Watch the video below and we think that you will in less than 4 minutes have learnt the answer to the question of “What is Anaerobic Digestion?” Just click on the arrow in the centre of the screen to start the video, and give it a moment to start.
Is this a New Process?
When the term “anaerobic” is used it may seem to the non-technical among us that science has conjured up a new form of digestion. Of course, this is not the case.
Methane bacteria are everywhere, and always have been. They not only occur widely in the bottom sediments of ponds, marshes, lakes and swamps, but much closer indeed in the intestinal tracts of man and many animals (especially cattle and other herbivores). Methane bacteria are usually found in association with sulphate-reducing bacteria.
Why are they all about us, you might ask? The reason is that they are scavengers, removing the decomposition products of other anaerobic bacteria and converting them to a mixture of carbon dioxide and methane gas. This mixture is that we call "biogas".
What Happens in an MSW Anaerobic Digestion Plant
Refuse collection vehicles (RCVs) deliver the collected waste to the plant and the degree of sorting then applied varies. Source separated garden and food waste often can go straight into the process, but mixed residual (‘black bag’) waste needs sophisticated sorting mechanically to remove the non-biodegradable contaminants. The plant in which this sorting is done is called a Materials Recycling Facility (MRF).
Sorting may involve screens, rotating drums for segregation, air classifiers, and powerful magnets. The organic waste fraction is then shredded and usually mixed with water. The waste and water slurry is then pumped into a sealed vessel where it is heated, and stirred where the it stays for up to about 3 weeks. This is known as the digestion or fermentation stage.
During this period the bacteria digest the waste and create a gas comprising of about sixty percent methane with the remainder being mostly carbon dioxide. This can be used as the source of the heat energy to warm the digestor(s), and there is usually sufficient methane left over to power an electricity generation set.
The process is normally continuous and filling and removal of the treated material takes place simultaneously. The output takes two forms. There is a solid digested material (digestate) which is often pressed to reduce the water content. The solid digestate is fibrous and can be used as a soil improver once it has been further matured usually by being placed in piles to aerobically compost, further reducing its weight, for about two weeks.
The digestate is very similar to compost once it has stood in the air for this period.
Unfortunately, even for most source segregated wastes there will be foreign matter, especially plastics etc, in the matured digestate. So, additional sorting will usually be required to remove contaminates before it can be used, and the most common is the use of a small mesh-size screen.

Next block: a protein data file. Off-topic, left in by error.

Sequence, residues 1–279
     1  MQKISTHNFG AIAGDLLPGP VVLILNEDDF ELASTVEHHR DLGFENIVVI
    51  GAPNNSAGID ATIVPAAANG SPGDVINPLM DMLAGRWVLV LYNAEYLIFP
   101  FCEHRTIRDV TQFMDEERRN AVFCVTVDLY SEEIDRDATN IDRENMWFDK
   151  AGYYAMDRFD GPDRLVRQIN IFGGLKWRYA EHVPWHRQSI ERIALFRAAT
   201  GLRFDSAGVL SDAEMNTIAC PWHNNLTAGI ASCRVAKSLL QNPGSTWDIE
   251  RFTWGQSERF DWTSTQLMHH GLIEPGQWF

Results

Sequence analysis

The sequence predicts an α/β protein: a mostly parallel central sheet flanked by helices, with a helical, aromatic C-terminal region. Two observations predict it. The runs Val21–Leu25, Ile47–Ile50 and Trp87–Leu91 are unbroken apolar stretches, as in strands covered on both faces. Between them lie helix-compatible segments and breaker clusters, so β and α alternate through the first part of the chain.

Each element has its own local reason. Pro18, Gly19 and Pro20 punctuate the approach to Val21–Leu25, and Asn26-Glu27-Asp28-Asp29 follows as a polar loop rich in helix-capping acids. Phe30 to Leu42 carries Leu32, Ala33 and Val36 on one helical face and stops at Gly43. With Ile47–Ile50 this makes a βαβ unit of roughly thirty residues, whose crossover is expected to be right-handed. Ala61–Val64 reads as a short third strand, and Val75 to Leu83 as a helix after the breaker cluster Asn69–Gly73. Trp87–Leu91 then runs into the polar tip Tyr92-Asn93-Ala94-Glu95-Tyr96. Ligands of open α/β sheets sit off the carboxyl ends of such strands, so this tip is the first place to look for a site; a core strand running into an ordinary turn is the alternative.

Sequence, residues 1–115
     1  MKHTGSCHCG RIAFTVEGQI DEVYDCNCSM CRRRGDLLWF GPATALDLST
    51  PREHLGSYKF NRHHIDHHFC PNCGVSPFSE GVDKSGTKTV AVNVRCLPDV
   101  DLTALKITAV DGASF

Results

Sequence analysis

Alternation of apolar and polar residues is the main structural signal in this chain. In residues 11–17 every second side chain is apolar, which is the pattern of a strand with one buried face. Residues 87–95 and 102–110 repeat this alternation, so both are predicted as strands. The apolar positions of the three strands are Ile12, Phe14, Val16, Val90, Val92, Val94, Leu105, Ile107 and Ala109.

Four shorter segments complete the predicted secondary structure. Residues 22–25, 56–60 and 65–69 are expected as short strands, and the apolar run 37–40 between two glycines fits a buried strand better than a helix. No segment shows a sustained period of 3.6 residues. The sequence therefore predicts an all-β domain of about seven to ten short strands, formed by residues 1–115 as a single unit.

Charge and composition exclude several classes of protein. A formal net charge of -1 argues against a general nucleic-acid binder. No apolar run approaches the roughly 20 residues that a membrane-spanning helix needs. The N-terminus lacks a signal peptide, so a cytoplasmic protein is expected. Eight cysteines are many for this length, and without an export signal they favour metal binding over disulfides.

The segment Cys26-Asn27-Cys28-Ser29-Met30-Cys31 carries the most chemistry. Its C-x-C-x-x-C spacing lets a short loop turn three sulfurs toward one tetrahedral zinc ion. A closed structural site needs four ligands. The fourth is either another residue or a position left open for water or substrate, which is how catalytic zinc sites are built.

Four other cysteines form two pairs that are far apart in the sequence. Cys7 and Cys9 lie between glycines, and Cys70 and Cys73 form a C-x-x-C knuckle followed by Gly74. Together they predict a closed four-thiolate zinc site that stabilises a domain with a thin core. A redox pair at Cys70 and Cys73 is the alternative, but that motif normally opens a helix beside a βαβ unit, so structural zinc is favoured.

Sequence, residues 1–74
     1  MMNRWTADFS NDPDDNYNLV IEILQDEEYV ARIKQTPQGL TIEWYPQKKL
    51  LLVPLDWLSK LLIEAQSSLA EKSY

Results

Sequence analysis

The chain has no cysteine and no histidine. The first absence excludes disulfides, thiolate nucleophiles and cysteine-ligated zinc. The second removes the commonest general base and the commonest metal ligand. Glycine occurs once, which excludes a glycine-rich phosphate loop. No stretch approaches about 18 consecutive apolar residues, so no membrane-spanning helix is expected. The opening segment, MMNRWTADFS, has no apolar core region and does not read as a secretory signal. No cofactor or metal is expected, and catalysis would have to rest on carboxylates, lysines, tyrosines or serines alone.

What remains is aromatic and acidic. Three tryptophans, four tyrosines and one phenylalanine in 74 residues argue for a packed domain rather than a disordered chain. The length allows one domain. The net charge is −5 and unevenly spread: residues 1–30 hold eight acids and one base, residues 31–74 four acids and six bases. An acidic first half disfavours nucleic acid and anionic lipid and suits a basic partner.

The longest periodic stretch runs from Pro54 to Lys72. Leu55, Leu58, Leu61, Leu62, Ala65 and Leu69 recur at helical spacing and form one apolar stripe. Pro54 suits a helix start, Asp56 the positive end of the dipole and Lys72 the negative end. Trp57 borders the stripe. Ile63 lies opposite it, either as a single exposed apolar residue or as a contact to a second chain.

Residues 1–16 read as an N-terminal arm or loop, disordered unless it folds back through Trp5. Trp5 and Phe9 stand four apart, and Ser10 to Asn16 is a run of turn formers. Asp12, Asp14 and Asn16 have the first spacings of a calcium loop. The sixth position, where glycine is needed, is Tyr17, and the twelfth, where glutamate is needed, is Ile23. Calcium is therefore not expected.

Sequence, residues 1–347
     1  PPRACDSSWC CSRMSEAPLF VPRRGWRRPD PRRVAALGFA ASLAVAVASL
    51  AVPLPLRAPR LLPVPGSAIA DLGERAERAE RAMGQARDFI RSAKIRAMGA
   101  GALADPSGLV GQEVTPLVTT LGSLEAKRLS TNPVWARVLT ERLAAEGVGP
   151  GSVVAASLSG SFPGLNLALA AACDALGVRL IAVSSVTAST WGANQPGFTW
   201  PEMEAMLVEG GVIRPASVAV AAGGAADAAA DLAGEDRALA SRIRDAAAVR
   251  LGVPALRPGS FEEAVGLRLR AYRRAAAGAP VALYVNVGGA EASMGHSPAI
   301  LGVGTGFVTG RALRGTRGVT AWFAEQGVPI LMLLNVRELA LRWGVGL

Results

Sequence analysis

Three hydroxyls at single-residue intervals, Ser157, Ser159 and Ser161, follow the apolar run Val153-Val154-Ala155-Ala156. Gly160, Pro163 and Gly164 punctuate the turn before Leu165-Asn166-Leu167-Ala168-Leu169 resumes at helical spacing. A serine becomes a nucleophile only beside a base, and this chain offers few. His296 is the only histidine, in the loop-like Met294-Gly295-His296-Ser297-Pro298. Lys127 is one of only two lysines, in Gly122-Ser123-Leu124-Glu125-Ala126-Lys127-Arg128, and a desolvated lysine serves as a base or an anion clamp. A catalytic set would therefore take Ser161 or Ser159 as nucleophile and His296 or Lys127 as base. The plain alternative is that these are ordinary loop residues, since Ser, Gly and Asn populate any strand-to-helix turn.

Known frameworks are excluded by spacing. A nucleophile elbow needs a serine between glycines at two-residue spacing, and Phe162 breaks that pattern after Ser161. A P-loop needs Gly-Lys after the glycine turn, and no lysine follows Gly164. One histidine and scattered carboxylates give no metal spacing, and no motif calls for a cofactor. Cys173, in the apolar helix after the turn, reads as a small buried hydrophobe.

The liquid fraction can be re-circulated back into the process, but in almost all process designs some excess water is generated. And depending on the removal of, or avoidance of, the presence of possible infectious agents from the feedstock, this can be used as a fertiliser. If the waste source was classed as contaminated (eg food waste) and the waste is not then pasteurized within, or after, the digestion stage the resulting liquid product cannot be used on the land and has to be disposed of to sewer.
What is the Chemical Equation?
The reactions involved can be represented as follows:-
CO2 + 4H2 > CH4 + 2H2O (e.g. Methanobacterium bryantii)
CH3COOH > CH4 + CO2 (e.g.Methanosarcina barkeri)
Syntrophic bacteria such as Syntrophobacter wolinii and Syntrophomonas wolfei provide the methane bacteria with their food supply via the reactions which convert propionate and other volatile acids into acetic acid and hydrogen gas.
Other supplies of food to the methanogens are other anaerobic (food decomposing) bacteria which decompose complex organic substances into volatile fatty acids.
Thus, methane bacteria provide the ultimate waste disposal system for a whole community of bacteria that grow together to provide the biological basis for what has become known as the "anaerobic digestion process", which occurs naturally in sludge digesters at sewage works and in damp putrescible deposits in landfill sites.
Methane production also takes place in the bottom sediments of ponds, marshes, lakes and swamps, and phenomena referred to in old accounts such as the “will-o-the-wisp”, no doubt originate from methane from such sources.
Effectively the anaerobic digestion process has been devised simply to "engineer the inevitable" and allow this natural fermentation to proceed to completion before discharging the fibrous "digestate" to landfill or to a "composting plant" further mixing and decomposition can take place to make the digestate suitable for agricultural, and horticultural applications.